WASHINGTON — The ideal family dinner has everyone sitting around the table and enjoying mom’s cooked-from-scratch meal.
But while popular culture may perpetuate the family dinner myth, reality tells a different story.
Families struggle with limited time, budgets and patience when it comes to putting together family meals.
A study by researchers at North Carolina State University looked at the tradition of family dinnertime. They interviewed 150 female caregivers who had children between the ages of 2 and 8 and spent 250 hours observing their families. While those interviewed came from different socioeconomic backgrounds, they faced similar problems. Stress and guilt played a huge part in a working mother’s plan for dinner.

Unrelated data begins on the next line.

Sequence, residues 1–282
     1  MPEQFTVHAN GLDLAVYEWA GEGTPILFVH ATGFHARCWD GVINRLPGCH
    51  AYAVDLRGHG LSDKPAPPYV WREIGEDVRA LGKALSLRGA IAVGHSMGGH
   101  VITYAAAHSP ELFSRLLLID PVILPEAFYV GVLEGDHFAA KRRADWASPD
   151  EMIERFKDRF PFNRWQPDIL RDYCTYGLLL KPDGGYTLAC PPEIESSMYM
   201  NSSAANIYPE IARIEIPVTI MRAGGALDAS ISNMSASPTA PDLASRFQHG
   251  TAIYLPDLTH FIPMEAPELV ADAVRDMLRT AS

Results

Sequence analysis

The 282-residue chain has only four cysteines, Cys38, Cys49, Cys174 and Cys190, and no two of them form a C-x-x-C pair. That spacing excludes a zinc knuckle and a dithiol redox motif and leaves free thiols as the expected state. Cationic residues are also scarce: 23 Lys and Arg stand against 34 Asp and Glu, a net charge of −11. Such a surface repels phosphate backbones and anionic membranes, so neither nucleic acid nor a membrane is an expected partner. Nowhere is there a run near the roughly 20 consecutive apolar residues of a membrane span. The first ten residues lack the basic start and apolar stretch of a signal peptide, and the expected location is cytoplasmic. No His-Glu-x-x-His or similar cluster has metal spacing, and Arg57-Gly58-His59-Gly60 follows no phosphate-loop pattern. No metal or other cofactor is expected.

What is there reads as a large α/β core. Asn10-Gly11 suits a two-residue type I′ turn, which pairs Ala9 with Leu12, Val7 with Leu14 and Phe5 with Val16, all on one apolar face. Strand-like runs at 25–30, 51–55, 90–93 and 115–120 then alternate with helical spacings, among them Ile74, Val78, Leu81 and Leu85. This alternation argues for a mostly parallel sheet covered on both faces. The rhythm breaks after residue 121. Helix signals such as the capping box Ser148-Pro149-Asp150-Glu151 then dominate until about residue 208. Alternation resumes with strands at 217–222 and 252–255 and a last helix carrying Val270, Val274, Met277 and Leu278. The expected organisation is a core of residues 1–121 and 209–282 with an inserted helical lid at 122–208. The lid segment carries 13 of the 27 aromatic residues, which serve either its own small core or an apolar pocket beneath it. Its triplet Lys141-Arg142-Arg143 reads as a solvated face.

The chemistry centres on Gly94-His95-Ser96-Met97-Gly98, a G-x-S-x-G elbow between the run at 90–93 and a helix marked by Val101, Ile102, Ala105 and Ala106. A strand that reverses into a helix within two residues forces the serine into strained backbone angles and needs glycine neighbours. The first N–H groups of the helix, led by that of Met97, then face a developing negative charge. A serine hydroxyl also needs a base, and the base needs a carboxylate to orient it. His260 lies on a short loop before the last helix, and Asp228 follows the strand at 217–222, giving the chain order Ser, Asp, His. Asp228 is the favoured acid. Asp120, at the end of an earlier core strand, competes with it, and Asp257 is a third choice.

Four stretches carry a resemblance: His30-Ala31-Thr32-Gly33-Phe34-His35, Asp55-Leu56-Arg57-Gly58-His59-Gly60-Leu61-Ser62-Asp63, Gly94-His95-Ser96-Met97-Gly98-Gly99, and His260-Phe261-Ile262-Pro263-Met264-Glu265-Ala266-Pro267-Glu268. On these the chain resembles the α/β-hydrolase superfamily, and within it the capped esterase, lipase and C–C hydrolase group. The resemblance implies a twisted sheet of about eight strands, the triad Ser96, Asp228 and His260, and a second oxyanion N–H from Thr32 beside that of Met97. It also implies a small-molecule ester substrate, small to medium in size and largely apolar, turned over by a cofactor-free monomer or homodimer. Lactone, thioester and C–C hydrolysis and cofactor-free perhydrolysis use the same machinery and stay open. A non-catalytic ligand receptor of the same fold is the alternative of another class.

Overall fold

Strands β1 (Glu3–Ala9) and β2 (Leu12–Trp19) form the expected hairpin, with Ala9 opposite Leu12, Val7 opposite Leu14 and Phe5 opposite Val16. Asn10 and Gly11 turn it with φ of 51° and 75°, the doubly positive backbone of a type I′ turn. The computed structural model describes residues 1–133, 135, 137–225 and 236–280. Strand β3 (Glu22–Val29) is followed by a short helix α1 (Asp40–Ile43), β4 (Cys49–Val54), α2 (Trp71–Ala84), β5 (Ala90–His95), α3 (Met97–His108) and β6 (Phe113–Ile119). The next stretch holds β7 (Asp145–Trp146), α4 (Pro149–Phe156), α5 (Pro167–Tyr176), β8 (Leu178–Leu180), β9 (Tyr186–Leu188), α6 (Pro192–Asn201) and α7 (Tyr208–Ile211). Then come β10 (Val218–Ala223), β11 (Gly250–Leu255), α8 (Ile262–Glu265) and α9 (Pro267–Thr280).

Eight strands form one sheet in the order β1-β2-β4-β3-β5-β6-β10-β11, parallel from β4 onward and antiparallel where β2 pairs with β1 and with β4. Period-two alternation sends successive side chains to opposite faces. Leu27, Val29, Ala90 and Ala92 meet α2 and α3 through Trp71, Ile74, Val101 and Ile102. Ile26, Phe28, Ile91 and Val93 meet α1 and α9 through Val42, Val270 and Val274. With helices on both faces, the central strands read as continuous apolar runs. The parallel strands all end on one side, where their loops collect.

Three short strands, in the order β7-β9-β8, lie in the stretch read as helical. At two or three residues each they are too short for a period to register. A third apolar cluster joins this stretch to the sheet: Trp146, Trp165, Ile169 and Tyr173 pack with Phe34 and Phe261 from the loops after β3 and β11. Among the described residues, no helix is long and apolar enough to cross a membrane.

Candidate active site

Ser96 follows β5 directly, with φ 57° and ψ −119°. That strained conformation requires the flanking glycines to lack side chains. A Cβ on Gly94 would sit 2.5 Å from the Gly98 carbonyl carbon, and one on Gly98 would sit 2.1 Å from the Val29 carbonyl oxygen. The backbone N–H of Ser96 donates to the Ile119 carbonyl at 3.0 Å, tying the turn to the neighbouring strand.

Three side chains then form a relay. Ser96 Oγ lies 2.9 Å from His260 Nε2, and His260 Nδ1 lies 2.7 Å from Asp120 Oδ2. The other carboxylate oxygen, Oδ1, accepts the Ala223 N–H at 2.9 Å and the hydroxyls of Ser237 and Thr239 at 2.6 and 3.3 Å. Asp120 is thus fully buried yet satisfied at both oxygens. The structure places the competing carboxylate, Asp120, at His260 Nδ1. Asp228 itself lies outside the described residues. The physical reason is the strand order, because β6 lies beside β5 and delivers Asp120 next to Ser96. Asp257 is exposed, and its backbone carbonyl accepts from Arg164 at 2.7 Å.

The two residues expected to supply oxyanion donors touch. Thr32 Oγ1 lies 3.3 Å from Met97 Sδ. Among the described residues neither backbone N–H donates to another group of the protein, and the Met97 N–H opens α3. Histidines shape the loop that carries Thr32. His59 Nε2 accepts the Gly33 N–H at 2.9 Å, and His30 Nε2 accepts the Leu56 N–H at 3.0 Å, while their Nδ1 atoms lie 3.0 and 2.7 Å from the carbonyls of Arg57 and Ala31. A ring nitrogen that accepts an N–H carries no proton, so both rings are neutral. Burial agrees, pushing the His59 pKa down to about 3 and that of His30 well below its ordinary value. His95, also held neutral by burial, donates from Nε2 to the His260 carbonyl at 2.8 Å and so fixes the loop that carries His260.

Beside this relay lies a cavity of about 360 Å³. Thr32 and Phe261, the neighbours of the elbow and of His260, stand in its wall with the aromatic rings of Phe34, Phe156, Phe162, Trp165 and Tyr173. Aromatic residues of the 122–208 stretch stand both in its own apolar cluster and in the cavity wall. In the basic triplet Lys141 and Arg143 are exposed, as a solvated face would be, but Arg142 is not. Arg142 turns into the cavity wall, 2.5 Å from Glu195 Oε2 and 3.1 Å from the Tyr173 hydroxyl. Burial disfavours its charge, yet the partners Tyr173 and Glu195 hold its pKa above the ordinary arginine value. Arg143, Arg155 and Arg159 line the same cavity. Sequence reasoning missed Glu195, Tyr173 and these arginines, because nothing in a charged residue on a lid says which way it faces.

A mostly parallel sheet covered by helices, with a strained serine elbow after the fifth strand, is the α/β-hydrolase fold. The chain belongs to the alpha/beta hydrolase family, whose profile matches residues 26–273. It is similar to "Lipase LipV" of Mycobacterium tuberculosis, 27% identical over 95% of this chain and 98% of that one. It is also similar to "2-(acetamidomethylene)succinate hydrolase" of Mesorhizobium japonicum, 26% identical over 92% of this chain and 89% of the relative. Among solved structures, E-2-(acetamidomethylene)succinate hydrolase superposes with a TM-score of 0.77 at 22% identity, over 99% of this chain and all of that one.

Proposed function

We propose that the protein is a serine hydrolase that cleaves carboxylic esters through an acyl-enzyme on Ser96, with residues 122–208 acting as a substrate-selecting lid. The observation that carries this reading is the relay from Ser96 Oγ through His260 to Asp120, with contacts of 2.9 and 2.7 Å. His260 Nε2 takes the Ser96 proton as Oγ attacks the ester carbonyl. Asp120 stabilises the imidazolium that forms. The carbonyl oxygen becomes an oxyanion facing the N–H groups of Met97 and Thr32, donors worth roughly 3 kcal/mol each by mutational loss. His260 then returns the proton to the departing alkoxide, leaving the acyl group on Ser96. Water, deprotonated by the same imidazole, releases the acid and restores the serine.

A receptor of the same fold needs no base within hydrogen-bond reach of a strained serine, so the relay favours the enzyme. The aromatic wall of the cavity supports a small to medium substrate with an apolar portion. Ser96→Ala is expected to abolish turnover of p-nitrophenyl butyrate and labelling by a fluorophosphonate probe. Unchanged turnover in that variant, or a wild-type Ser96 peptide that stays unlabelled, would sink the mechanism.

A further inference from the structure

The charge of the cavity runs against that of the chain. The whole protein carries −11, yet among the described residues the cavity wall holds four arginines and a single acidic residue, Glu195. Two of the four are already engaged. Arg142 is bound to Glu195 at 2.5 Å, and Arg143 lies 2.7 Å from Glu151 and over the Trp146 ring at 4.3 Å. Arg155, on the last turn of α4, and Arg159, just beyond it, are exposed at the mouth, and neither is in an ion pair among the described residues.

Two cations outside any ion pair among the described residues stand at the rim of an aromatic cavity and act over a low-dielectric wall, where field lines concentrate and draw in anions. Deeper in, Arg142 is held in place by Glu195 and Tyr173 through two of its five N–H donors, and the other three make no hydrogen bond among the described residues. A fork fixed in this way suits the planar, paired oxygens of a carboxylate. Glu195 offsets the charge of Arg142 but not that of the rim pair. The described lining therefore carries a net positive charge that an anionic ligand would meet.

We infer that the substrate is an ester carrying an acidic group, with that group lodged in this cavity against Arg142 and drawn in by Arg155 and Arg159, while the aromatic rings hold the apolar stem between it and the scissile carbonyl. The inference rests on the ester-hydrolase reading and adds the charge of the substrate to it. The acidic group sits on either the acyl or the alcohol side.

Finances were also an issue with families looking to feed their kids healthy meals that included fresh fruits and vegetables.
Picky eaters put extra pressure on working mothers, the study found.
Regular home-cooked meals are appealing to families and the thought of eating together is a grand concept, but according to the study, it’s an unrealistic goal for a lot of families.
Click here to read the full study.
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